Its “symptoms?” When a child’s relationship with one parent is poisoned by the estranged parent.Actually, a child’s relationship with a parent, whether “poisoned” or not, is not a symptom of anything, as Grohol well knows. What he also knows, if he’s read any literature on PAS, is that there are eight symptoms typically required for the diagnosis. For example, an alienated child will deprecate the target parent; his/her rationalization for doing so will lack real-world justification; the child will exhibit no ambivalence about the alienated parent, i.e. his/her attacks will be unquestioning; the child will be just as certain about the complete virtue of the alienating parent; the child will parrot the words of the alienating parent and often use words, phrases and concepts that are not age-appropriate, etc.
Again, those are the symptomatic behaviors of children suffering from PAS. They are “relational” only insofar as they are directed at another person, which is to say, they are individual in exactly the way the DSM requires. Does Grohol truly not know the symptoms of PAS? If not, he has no business opining on the subject or should at least disclose his ignorance before doing so. If so, his pretense regarding PAS symptomology is nothing but intellectual dishonesty.
Finally, Grohol feigns incomprehension about one of the aspects of PAS – that a child rejects the alienated parent without justification.
What the heck is “legitimate justification?” And who determines what’s “legitimate” and what’s not?Again, Grohol knows very well what “legitimate justification” means. If a parent is extremely abusive of a child, perhaps that child may come to want nothing to do with the parent. That could be viewed as a healthy response to a destructive situation. But when a parent has done nothing to justify rejection by the child and where the alienating parent has carried on a campaign of alienation with which the child is complying, the rejection of the parent is not justifiable and can be extremely detrimental to the child’s immediate and long-term emotional well-being. Much PAS research confirms this.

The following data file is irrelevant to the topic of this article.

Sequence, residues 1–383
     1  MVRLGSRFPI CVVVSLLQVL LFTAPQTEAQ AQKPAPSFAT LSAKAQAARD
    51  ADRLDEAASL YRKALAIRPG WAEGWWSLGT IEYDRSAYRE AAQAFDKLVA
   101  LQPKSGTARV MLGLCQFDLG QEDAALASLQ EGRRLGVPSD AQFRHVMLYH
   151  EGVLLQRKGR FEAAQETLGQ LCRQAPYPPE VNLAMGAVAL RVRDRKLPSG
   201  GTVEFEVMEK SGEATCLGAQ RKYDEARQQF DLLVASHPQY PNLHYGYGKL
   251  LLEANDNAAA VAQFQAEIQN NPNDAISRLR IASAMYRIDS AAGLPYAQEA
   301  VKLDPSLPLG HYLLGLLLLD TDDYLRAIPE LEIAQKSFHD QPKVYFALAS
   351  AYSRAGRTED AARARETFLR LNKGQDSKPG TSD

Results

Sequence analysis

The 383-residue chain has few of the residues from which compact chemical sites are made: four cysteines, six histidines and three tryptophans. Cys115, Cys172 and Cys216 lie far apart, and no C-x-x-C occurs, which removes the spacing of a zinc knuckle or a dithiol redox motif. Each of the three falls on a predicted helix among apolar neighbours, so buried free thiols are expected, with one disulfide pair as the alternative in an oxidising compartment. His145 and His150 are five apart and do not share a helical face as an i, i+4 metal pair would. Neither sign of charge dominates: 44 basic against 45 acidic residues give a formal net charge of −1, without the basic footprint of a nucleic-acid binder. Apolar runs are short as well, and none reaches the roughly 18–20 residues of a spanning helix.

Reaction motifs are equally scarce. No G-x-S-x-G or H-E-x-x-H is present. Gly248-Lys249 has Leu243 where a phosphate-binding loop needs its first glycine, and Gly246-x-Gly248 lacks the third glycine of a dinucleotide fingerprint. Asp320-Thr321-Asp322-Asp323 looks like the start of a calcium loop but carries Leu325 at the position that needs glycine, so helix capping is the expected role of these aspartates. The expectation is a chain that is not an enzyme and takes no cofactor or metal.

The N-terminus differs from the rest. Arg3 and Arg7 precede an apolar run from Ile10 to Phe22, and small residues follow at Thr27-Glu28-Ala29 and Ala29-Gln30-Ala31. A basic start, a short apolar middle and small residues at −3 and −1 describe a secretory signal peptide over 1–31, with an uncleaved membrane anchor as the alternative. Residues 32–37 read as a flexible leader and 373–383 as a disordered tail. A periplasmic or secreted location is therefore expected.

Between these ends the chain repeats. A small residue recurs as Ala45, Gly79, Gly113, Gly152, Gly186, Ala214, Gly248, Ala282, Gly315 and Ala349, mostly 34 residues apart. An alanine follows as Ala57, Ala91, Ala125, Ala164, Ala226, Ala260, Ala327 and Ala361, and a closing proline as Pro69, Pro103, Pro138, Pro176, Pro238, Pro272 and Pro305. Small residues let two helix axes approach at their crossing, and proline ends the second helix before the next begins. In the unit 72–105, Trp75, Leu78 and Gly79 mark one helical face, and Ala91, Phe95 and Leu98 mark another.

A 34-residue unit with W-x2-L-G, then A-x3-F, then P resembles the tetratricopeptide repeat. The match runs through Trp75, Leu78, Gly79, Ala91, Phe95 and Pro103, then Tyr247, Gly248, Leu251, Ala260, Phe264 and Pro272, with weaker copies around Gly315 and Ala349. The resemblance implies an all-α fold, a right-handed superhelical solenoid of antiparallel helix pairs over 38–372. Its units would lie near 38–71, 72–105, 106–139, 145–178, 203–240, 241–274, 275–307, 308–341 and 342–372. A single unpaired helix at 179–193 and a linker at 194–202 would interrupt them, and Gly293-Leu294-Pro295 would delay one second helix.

Isn’t it a child’s right to align themselves with whomever they’d like, whenever they’d like, with or without justification?
Has Grohol read anything on PAS? If he has, it’s far from apparent. Worse is his casual disdain for the well-being of children. He writes of children’s “rights” as if whatever a child is legally entitled to do cannot possibly indicate an underlying mental disorder. So for example, children have the right to fail in school, to watch television and play video games all day and night, to smoke cigarettes, to ignore their parent’s rules, to shout epithets at them, to engage in all manner of anti-social behavior, etc. But would Grohol simply ignore all of those behaviors and countless others if a concerned parent brought the child to him for diagnosis and treatment?
Here’s Dr. Amy Baker’s response to the silliness penned by Grohol: